One of the benefits of staying in relatively good physical condition is being able to enjoy impromptu hikes with my adult children. Like when we visited our son’s family in Port Orchard, WA, and they wanted to take us on our first geocaching adventure. With their twin 3 month old babies.
I had offered to stay home with the girls, not realizing it was a good hour’s drive to the park they wanted to hike in. This would not work with babies dependent on their mama for nourishment. So, off we all went in the late January drizzle that typifies a coastal northwest town. (click on any photo to enlarge.)
Even though it was 20 degrees warmer than what I had left behind in Idaho, the damp cold was penetrating my bones. We had only brought minimal outdoor attire, since we flew with carry-on luggage and it didn’t occur to us we would be hiking with 3 month old babies. No matter. My son and his wife had everything the babies needed to stay warm. When we arrived at the trail at Fort Flagler, they offered one of the girls to me as a portable heater, so-to-speak. This arrangement was also of use to them, as their dad was looking forward to being able to root around in the woods for the geocache treasure, and it was a bit much for their mom to carry both of them.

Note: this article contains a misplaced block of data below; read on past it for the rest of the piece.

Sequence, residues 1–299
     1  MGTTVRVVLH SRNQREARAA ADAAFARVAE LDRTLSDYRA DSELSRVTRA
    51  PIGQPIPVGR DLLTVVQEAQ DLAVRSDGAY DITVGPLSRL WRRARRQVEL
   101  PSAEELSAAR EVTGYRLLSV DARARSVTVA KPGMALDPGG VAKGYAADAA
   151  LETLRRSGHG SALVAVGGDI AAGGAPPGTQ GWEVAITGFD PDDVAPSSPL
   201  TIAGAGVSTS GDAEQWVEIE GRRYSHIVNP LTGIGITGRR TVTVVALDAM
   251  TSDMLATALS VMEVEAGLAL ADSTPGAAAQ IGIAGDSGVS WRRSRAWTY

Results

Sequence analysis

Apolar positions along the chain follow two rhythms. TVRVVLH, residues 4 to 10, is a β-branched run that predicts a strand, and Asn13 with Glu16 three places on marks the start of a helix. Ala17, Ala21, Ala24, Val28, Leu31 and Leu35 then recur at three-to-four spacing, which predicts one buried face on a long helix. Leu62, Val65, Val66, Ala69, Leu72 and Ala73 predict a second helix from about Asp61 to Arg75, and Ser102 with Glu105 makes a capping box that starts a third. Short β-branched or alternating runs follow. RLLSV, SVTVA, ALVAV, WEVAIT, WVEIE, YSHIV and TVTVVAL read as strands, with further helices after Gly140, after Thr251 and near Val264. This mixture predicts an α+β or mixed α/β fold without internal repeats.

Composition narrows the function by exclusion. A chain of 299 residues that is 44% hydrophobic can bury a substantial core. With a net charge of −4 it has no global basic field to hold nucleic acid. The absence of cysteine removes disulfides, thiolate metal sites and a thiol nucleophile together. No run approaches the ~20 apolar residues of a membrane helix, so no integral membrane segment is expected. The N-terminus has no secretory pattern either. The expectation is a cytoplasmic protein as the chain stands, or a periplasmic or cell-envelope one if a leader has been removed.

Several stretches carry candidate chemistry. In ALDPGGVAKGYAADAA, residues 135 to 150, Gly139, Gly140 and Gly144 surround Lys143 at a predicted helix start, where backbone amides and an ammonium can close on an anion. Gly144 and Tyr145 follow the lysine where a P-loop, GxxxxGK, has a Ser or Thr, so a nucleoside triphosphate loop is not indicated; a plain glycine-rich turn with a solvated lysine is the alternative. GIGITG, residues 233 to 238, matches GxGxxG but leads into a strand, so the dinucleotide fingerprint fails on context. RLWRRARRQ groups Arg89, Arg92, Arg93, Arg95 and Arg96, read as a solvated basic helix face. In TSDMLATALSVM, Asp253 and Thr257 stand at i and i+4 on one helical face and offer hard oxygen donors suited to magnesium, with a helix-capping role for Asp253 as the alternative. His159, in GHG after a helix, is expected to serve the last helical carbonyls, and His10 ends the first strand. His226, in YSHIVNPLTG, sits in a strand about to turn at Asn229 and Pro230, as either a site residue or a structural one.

After the baby and I were all twisted and snapped into one twin’s worth of the new-fangled baby carrier, I felt reasonably sure I wouldn’t drop the child. Between the eskimo-like baby and the energy I exerted to walk, I began to warm up. Initially, I was wondering how I would adjust to wearing a baby again, let alone hiking around with one. I was pleased with how it went from the start.
I was wearing my red Sockwa’s over wool toe socks, which let me retain a great feel for balance. I was able to navigate logs, muddy bogs, and steep sections with ease. It seemed that both the stability and posture possible from such stable foot placement, plus overall strength from regular exercise, made it easy to proceed with grace and confidence. I didn’t feel at all at risk and my back never felt strained or tired.
My pyschedelic polar fleece poncho was all the coat I had, but as long as I could generate heat, it and the baby helped me retain the heat. Since I have developed an aerobic base of endurance, I could carry the extra weight and keep up without getting out of breath. I was able to converse, and even sang back to a songbird in the trees once.
The crew found 2 geocaches, and we newbies were given interesting explanations on procedures involved in trading out objects and re-hiding the container. I can see how this would add a fun element to hiking, as long as someone else is with me to do the serious looking. I liked seeing it found, but I don’t think I would have the patience to find it myself.
I told my kids that I would be happy to go on another such excursion with them when we are able to visit again. It’s nice they don’t have to worry about me keeping up or being strained by the effort. And I can even be useful carrying small children, if they are well packed.